The base of each of their respective diets are starches, or complex carbohydrates. Yup. Those starches. Grains and tubers such as wheat, potatoes and rice. I realize that this flies in the face of some of our contemporary ideas about what constitutes the best diet.
However, when you look at the biology of your body and how you're built, there's a lot of evidence, starting with the starch digesting enzyme amylase.
Amylase as the dominant enzyme in your saliva, which is really where digestion starts, is a strong hint at how and what you probably should be eating.
But there's a lot more about how the body is constructed that strongly suggests how humans should eat. There's an article coming soon on how the body is constructed. So stay tuned!
In the case of the Okinawan's, before the westernization of their diet, about 85% of their diet was complex carbohydrates, or starch, with sweet potatoes comprising about 70% and rice about 12%.
The foundation of the Hunza diet is also starch, but in their case, it’s grains: whole wheat, millet, buckwheat and barley. They eat chapatti’s, a type of flat bread, consisting of these grains at every meal. Sometimes, a little chickpea and bean flour are added.
Both the Okinawan’s, and Hunza’s are near vegetarian. Very little meat is consumed. Just 1% of the Okinawan diet is comprised of meat. Not much more for the Hunza.
The Okinawan’s eat very little dairy, the Hunza’s a little bit more. In the case of the Hunza’s, their dairy is goat, with which they make cheese and yogurt. And it’s always raw and unpasteurized.
They both consume plenty of fresh raw vegetables. This is a very big one. Raw vegetables are a key to optimal health wherever you are, because of the sheer volume of nutrition and enzymes that you get. And both of these two groups eat plenty of raw vegetables. Having some raw vegetables with every meal is a good place to start. (I drink mine... More on that soon.)
They both consume a low-fat diet. The Hunza get some of their fat/oil from apricot seeds that they press and use for cooking and salads. Otherwise, little fat from nuts or seeds.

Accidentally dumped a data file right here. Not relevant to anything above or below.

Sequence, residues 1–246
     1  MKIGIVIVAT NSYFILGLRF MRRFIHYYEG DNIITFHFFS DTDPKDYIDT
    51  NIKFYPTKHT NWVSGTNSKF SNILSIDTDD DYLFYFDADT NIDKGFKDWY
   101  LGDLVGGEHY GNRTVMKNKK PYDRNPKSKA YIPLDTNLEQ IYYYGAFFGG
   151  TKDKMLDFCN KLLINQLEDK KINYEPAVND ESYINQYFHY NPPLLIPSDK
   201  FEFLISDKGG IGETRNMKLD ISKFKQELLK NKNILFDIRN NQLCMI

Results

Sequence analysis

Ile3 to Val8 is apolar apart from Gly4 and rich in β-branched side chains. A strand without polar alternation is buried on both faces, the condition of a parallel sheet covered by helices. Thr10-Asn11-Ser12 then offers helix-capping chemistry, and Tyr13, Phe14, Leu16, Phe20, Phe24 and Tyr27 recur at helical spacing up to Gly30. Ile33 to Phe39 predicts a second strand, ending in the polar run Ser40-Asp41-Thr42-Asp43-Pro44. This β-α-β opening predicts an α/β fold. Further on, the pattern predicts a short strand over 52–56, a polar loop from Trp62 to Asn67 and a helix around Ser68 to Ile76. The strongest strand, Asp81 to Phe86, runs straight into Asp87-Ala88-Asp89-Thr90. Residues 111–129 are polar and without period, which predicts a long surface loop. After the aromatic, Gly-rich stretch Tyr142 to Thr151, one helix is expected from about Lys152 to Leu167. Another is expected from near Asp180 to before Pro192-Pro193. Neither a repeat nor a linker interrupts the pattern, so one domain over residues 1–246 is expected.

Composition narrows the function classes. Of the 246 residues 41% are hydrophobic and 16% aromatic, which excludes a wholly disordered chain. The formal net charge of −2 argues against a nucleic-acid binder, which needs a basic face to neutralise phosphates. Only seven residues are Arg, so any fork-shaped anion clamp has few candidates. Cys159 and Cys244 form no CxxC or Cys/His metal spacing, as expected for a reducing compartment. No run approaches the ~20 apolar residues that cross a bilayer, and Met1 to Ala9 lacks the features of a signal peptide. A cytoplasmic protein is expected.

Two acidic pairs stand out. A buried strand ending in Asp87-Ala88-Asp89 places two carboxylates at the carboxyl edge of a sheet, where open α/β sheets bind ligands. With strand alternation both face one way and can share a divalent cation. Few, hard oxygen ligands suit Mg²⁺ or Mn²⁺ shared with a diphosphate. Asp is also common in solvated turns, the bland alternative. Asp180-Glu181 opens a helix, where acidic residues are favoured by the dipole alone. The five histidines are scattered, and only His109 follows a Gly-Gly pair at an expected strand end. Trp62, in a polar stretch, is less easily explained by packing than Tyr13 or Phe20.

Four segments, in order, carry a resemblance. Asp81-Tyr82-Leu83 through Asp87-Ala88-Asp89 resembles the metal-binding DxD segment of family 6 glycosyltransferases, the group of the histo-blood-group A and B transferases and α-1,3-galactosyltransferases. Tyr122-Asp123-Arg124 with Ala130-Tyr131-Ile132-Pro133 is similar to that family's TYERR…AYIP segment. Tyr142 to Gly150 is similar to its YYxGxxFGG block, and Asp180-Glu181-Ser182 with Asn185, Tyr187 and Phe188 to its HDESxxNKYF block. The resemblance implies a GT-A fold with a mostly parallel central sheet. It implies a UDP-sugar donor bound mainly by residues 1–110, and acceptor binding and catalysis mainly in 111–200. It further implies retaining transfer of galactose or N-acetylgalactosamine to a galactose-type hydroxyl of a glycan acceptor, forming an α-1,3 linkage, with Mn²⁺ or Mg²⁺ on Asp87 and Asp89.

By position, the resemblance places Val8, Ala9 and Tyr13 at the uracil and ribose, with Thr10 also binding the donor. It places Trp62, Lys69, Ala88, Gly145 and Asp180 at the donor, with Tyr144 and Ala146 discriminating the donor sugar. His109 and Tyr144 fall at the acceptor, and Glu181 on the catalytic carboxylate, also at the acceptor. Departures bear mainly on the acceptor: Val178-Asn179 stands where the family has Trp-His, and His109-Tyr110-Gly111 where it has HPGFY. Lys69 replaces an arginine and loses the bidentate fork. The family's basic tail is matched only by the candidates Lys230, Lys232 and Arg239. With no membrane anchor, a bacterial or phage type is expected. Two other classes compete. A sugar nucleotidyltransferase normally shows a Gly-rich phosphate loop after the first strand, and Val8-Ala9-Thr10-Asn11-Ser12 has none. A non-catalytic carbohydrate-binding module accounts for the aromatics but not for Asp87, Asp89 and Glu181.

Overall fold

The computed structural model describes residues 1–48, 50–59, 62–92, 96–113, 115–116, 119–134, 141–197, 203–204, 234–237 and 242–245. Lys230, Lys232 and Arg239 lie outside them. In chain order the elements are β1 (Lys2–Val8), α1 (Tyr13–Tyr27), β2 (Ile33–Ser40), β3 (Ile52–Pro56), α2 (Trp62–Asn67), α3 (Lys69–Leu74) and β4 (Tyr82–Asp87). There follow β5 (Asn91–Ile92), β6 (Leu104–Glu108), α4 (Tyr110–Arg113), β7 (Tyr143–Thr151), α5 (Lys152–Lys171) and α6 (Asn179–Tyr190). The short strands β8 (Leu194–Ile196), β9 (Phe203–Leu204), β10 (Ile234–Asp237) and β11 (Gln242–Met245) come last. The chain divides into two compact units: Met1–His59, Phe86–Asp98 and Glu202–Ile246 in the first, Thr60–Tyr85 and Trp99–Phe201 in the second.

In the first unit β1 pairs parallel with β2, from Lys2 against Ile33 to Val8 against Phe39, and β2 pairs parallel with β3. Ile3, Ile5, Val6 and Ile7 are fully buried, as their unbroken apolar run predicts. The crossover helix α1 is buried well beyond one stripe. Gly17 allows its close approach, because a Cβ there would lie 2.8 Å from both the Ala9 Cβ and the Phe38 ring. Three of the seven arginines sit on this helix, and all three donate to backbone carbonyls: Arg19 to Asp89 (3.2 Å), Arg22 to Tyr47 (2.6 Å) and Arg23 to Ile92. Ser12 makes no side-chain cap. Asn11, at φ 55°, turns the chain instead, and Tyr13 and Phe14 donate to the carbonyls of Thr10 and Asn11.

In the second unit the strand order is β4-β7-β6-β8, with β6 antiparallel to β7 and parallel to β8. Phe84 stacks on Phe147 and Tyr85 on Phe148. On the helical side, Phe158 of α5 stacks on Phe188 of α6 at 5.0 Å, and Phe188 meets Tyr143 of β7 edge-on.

You would think that the Okinawans, being surrounded by water, that they would eat a lot of fish. But they don’t. Only 1% of their diet consists of fish. This one surprised even me. A few 3 oz portions of fish a week is about it.
Neither group eats a lot of fruit. But when they do, it is fresh, whole, raw, and mostly local. The Hunza dry some fruit literally on the rooftops of houses for the winter. And, of course, nothing is added. No preservatives, pesticides, or any other additives.
But it's not just what the Okinawan’s eat. It's also how much.
They practice a dietary philosophy known as Hara Hachi Bu.
It translates to 'eight parts out of ten full'. Which means, they eat only to the point at which they are about 80% full. This is my personal philosophy as well.
So if you were to count calories, that means a daily intake of about 1,800 calories, compared to the more than 2,500 that the average American male consumes.
The Hunza’s also have a similar practice. Solid evidence is coming out that some calorie restriction can have a big impact on aging.
This practice tells us that they are also quite conscious and aware of their food intake, and that they also eat as much for health and longevity as for survival or pleasure.
Obviously, if we choose to live in America where the myth of aging is alive and well, we have some choices to make if we intend to stay strong and healthy into our advanced years.
But we could do no better than adopting and emulating as much as possible the diet and lifestyle of these two incredibly healthy cultures.
So instead of thinking about retiring at 65, you'll be thinking about your next project or your next career.